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We need to be 21st century Buddhists: Dalai Lama
by S Gopal Puri, TNN, Sep 28, 2012
DHARAMSHALA, India -- The 77-year-old Tibetan spiritual leader, the Dalai Lama, has exhorted his followers to be a Buddhist of the 21st century and said that he would prefer building learning centres than monasteries or temples.
The noble peace laureate pointed out that Buddhist practice is to use our intelligence to the maximum and transform our emotions. Buddhism is growing as more and more scientists are focusing on the mind in tackling emotions, he said.
"The Tibetan spirit comes from Buddhism which is more than 2500-year-old tradition in which interest is growing. Chinese communism is based on ideas that are barely 200-year-old and whose influence is declining," said the Dalai Lama, while interacting with a group of about 102 Vietnamese at his exile seat in McLeodganj on Wednesday.
The Dalai Lama said that Buddhism does not talk about a soul, but acknowledges the existence of a self that is designated on the continuity of the mind.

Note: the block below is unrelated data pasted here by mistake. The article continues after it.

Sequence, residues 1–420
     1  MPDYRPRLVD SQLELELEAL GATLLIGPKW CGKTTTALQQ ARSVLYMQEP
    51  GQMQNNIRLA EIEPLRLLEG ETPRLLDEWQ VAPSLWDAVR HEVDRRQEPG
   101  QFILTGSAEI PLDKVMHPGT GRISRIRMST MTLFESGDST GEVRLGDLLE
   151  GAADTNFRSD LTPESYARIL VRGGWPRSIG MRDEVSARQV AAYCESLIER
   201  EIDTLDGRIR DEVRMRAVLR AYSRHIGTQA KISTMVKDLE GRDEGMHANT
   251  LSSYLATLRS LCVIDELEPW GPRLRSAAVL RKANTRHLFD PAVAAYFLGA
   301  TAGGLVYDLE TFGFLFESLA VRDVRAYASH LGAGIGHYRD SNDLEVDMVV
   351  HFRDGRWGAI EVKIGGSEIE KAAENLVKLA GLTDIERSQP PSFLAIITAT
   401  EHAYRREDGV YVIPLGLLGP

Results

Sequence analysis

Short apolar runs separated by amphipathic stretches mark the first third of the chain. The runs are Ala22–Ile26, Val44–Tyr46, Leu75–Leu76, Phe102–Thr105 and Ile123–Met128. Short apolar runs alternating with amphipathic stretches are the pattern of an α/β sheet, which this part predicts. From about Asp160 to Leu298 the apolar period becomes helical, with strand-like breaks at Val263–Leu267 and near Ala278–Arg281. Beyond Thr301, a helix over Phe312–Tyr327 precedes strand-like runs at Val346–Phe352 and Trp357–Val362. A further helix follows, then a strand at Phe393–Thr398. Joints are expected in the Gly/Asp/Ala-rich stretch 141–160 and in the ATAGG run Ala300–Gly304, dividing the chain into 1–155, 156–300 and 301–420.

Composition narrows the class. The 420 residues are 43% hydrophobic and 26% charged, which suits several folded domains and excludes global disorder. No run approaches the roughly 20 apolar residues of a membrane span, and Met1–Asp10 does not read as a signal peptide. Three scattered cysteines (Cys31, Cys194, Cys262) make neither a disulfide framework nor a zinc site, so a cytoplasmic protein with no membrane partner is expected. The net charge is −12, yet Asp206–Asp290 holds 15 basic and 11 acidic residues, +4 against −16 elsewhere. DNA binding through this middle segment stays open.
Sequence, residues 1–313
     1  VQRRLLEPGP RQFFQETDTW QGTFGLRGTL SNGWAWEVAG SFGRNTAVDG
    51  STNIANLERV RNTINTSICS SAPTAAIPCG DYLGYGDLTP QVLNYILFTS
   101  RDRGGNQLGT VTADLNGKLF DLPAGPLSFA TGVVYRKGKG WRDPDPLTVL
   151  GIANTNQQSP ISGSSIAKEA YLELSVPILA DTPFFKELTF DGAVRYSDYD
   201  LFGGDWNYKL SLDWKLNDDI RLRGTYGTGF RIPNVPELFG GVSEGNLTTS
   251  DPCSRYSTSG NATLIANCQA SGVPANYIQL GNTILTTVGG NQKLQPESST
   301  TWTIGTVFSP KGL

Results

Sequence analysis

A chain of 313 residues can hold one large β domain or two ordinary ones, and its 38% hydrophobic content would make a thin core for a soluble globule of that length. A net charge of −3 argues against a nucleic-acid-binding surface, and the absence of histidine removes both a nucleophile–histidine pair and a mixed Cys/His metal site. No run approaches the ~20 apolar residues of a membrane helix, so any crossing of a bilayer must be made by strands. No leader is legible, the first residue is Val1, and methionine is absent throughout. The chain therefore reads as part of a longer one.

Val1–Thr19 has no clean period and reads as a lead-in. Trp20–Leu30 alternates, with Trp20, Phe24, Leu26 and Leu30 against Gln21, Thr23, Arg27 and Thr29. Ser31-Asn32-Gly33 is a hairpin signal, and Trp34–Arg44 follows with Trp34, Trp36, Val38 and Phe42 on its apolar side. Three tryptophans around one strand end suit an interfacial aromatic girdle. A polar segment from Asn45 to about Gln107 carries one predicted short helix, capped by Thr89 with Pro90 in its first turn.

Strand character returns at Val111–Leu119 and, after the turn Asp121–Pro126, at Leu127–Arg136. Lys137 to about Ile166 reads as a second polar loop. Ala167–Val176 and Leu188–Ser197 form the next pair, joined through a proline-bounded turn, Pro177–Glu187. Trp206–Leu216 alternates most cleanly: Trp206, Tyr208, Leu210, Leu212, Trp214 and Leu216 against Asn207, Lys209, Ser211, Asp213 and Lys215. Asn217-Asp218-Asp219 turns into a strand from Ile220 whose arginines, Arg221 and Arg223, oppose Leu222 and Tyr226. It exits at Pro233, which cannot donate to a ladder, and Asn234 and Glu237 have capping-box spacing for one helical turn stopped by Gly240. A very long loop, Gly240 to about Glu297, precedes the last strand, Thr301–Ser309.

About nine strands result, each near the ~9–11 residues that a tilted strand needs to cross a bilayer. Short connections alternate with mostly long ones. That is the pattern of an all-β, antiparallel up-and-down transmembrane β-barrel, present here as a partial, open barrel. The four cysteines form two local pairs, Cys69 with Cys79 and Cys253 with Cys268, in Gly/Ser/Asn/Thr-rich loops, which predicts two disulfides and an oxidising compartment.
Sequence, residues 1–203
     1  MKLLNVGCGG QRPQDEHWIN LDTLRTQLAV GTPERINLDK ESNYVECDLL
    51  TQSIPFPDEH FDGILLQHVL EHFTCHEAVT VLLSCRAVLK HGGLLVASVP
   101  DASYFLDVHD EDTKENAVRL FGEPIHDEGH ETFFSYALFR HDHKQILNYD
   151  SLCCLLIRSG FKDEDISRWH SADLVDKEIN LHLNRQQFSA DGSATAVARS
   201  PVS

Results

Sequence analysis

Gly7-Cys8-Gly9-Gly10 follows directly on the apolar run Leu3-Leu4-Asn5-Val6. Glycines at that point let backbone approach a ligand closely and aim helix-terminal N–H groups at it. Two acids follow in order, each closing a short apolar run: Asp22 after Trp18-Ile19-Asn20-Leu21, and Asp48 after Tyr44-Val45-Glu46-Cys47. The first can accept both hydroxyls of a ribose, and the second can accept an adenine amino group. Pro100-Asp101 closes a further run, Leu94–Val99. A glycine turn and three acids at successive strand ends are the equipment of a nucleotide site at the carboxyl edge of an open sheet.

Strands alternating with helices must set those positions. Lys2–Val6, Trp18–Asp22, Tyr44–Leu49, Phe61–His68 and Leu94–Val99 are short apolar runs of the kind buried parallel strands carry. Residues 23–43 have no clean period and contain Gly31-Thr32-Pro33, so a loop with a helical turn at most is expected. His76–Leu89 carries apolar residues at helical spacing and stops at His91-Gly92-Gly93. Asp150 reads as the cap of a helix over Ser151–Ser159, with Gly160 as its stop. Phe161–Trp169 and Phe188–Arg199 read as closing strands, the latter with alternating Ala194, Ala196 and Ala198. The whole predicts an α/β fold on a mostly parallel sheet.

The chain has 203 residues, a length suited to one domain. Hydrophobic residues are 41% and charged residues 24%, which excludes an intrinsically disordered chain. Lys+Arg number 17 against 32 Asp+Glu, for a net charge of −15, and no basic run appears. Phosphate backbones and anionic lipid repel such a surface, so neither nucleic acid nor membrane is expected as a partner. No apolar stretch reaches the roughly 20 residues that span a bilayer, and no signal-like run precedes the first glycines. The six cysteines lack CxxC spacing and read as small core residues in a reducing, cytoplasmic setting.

The spiritual leader added that scientific investigation of this phenomenon has begun.
"We need to be 21st century Buddhists. Buddhist practice is to use our intelligence to the maximum to transform our emotions. For this, knowledge is very important. Western scholars often suggest that Buddhism is not so much a religion, but more a science of the mind. The concept of emptiness of intrinsic existence is also important. When we investigate reality, we cannot find something independently, intrinsically existent. Ignorance, our misconception about reality, is the basis of our destructive emotions. The counter force is reason, taking a scientific approach to correcting our view," said Dalai Lama.
When asked about current tensions between Vietnam and China over the Paracel and Spratly Islands off both their coasts, the Dalai replied that anger would not help, anger would not affect the Chinese mind. It would be far better to try to influence them by friendly means, "which is not to say that this can't be done from a position of toughness". He acknowledged that in 1979 when China sought to teach Vietnam a lesson, they were faced by a tough, battle-hardened Vietnamese army.
"I don't especially favour constructing a monastery or temple, I'd prefer to see an academic centre of learning instead, and somewhere that could be a focus for the study of Buddhist philosophy, Daoism and secular ethics. I recently told people in Ladakh that they should aim to make their monasteries centres of learning," he said.